Conclusion: Get the hell over it, you aren’t going to win this and you’re wasting time, effort and money. Besides, with as paranoid as the US government has gotten, do you really want to risk making anything even close to a threat?
Headline: Lawsuit Filed after Arrest for Burping in Class
Article Synopsis: A 13 year old boy who had been forced to strip to his skivvies after being accused of selling marijuana was arrested in phys ed and sent to juvenile detention after his teacher called the police because he “burped audibly” in class. He is suing the cop, the teacher, and the principal. His attorney is also handling the case of the 7 year old autistic child handcuffed to his desk for being disruptive, and had earlier sued the school for having a girl arrested for saying she didn’t want to sit “next to the stinky boy”. All litigation involves the same school district in Albuquerque. A board member thinks they may be “stuck on zero-tolerance”.
Policy: The Other Brains: Institutions create policy for a number of reasons. The first is to create uniformity across their area of influence. This can be good and bad, both. Uniformity can prevent loss of quality due to laziness, but it also stifles creativity which can increase quality. Policy doesn’t distinguish between policy violations that are lazy and those that are innovative. Over time, “it’s our policy” is the excuse handed out by failed and stagnating bureaucracies.
Another reason for creating policy is to replace countless brains with a rulebook. If the rulebook is silent on a subject – it obviously can’t be done. If the rulebook declares something is prohibited, then it doesn’t matter the circumstances – it also can’t be done. And this is the trap that the “zero-tolerance” philosophy was born in, and will ultimately die in. Zero-tolerance is indistinguishable from zero-brains.
Kindergarteners have been arrested in school for “sexual harassment” for being caught smooching behind the finger paints, first graders for holding hands, and fourth graders for hugging. High school kids who hunt have been arrested for having archery equipment locked in the trunk of their cars in the parking lot. Girls enduring the fickle early years of menstruation have been arrested and charged with possession of drugs – Advil, Tylenol and other over-the-counter analgesics; they’ve been charged with trafficking for sharing with girls who didn’t have their own. Elementary school children have been arrested for drawing pictures of guns including one recently whose assignment was to draw a picture of his father; his father was a soldier in Afghanistan.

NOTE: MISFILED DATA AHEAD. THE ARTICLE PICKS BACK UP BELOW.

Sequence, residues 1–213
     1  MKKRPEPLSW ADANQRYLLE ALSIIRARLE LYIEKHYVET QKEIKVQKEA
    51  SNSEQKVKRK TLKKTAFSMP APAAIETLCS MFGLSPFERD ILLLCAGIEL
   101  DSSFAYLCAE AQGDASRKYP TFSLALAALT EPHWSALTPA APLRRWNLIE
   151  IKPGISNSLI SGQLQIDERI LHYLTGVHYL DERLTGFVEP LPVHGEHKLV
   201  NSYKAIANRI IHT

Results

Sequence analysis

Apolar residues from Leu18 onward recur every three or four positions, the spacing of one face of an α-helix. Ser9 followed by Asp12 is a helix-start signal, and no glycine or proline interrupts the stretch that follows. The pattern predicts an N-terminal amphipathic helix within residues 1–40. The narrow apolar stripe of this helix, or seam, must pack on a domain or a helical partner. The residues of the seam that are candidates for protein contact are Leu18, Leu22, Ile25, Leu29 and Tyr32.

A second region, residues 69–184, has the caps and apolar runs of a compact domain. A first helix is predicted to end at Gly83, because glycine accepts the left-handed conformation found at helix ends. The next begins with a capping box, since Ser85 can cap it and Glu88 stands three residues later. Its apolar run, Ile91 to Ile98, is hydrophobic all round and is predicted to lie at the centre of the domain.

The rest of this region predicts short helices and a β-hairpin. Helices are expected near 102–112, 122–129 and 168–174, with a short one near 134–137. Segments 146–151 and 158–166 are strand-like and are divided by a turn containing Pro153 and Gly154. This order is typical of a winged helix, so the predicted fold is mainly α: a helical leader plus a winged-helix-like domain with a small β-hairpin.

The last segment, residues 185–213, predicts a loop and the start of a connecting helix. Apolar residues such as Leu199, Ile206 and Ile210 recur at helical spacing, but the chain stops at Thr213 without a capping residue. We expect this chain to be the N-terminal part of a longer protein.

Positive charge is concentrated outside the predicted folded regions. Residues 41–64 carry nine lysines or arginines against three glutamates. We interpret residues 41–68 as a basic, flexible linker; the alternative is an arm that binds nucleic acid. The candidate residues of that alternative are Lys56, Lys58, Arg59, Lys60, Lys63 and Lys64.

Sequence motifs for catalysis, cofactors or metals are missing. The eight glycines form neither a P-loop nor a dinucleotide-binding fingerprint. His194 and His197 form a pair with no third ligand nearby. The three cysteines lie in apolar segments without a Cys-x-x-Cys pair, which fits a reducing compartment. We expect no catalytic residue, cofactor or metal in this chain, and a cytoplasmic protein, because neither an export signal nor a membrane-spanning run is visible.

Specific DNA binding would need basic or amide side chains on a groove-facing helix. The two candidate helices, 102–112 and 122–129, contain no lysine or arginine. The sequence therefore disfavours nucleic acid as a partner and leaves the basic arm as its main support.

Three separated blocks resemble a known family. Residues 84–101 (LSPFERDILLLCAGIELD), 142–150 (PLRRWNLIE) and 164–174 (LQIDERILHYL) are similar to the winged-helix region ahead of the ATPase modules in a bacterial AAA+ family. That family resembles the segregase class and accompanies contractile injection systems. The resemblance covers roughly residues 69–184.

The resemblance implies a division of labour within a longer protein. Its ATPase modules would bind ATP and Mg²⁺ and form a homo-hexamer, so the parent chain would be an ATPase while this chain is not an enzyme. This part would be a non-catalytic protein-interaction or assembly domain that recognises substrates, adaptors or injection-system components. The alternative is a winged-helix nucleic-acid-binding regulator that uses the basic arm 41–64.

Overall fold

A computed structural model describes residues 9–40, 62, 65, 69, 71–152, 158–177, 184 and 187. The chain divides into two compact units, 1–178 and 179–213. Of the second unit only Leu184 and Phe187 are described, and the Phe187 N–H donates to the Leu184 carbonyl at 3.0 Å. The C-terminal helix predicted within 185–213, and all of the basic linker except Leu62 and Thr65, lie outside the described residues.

The teacher’s facile justification for calling the cops on the phys ed eructation will undoubtedly be that the boy, previously considered “disruptive” by the school, belched deliberately. And ... well, of course he did. He’s 13 fergodsake, and he’s a boy; it’s what they do. Steve Seigel and I weren’t swallowing air in the corner of 8th grade study hall as a flotation device in case of a water landing. We were trying to see how far into the alphabet we could get by belching it before we yakked up the chocolate milk.
If you’re a teacher and the only recourse you can think of in response to a kid belching is to call the cops, you need a new job – and preferably one that won’t infringe upon your fragile sensibilities. I don’t have any clue what that might be as there doesn’t seem to be much call for delicate china dolls these days, but you need to look into it.
If you’re a school administrator and the only recourse you can think of to allow in response to a kid belching is to call the cops, then you live in the wrong country and the wrong century. Try Sparta, circa 500 BC.
Conclusion: I’d like to apologize to Pam Black [nee Glover] for molesting her with her consent [and at her insistence, frankly] behind the bushes in the first grade. Judy Dillenbeck, I apologize for allowing you to vicariously experience puppy love by being our lookout from Mrs Mahr who would have done little more than make us stop – it must have been torturous for you, Judy. You might wish to contact Amnesty International – they’ll take your side. And also to Tracy Germond, for allowing you to kiss me out of the blue and cause me to drop my 3 cents of milk money ... which I then had to borrow from Mrs Mahr and explain to my mother why I owed 3 cents. I would go on to molest Pam exclusively the rest of that year; I was annoyed at you over the 3 cents. I hope your father, the Reverend Germond, can forgive my not taking advantage that way.